Transitive deps

Neil Bartlett njbartlett at
Thu Sep 5 05:15:21 PDT 2013

On Thu, Sep 5, 2013 at 12:34 PM, Jaroslav Tulach
<jaroslav.tulach at> wrote:
>> [...]
> As splitted packages are rare (and maybe even unsupported in some versions of
> OSGI), then a package import basically means non-transitive dependency.
> You may realize that your belief is a specialization of my general
> observation. As such it is of no surprise, that if non-transitive JAR
> (compilation) dependencies work sufficiently, import package works for you in
> OSGi.
> Import-Package seems to be a solution of the transtivity issues, but a bit too
> narrow and certainly not the only one.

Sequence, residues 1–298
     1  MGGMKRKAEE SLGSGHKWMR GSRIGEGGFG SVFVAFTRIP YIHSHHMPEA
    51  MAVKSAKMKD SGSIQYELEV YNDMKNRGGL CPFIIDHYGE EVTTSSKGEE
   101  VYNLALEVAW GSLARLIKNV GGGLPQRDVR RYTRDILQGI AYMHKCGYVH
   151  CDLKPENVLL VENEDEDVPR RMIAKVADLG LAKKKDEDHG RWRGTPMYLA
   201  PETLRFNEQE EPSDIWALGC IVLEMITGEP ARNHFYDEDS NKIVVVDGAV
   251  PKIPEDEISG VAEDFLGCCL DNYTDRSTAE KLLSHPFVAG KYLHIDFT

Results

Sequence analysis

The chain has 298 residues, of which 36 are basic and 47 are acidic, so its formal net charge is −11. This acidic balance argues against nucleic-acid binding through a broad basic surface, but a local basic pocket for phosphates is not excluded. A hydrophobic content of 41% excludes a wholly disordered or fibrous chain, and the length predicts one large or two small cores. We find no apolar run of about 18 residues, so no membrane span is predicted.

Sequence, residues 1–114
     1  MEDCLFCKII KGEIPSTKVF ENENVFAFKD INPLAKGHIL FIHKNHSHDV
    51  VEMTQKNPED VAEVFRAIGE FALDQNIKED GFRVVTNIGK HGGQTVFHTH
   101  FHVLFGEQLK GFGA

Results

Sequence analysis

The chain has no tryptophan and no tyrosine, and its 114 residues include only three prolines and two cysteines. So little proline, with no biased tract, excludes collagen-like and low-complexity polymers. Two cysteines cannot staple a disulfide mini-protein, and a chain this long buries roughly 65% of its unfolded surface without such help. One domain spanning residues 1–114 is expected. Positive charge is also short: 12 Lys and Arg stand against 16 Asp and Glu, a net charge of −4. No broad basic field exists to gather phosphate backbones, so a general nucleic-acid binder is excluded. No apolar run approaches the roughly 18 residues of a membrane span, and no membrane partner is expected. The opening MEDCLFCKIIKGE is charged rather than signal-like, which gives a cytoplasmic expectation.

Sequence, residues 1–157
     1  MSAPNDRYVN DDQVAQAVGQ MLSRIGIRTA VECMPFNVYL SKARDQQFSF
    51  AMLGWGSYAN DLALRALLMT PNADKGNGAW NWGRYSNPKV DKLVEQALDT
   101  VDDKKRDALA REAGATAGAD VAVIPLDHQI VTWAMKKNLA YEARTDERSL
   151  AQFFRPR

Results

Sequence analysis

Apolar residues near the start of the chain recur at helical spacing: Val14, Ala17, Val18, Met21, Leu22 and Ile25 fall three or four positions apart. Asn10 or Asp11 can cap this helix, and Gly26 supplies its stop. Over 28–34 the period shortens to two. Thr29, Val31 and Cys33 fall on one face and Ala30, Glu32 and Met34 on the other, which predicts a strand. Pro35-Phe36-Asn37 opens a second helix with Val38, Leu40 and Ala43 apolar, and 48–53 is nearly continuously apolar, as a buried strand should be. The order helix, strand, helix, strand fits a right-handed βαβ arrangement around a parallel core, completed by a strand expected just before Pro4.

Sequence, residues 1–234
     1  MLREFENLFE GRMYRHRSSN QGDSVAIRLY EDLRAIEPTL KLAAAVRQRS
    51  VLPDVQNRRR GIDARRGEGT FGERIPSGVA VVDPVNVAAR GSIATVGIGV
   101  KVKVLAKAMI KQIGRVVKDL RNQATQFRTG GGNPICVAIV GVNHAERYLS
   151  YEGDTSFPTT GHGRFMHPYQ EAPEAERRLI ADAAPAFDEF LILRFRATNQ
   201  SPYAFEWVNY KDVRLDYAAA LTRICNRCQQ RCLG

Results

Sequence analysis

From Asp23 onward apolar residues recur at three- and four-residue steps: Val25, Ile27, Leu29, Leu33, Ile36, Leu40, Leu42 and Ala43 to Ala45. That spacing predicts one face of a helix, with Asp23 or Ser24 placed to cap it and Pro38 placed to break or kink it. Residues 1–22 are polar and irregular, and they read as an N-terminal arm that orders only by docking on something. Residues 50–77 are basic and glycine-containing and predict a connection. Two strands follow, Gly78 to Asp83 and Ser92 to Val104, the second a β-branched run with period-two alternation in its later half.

> -jt

Stepping back a bit, I feel that the underlying failure in Maven is to
distinguish between build and runtime dependencies. They require
different approaches.

I think we are in broad agreement about how to manage build
dependencies. They are not required to be transitive -- to compile
each module we only need visibility of the modules it directly
imports. They should not use ranges because this results in
non-repeatable builds; for my customers it is important to be able to
reproduce a build precisely, even many years into the future. In the
bnd build system we can go beyond fixed module identity+version and
actually depend on the SHA hash of a module. Admittedly we also made
the mistake of using dependency ranges at build time but now strongly
discourage it.

Runtime dependencies are unavoidably transitive. The key is therefore
to find ways to minimise the transitive dependency graph, which is the
purpose of the OSGi Import-Package instruction, since it creates
opportunities to refactor module contents and/or find alternative



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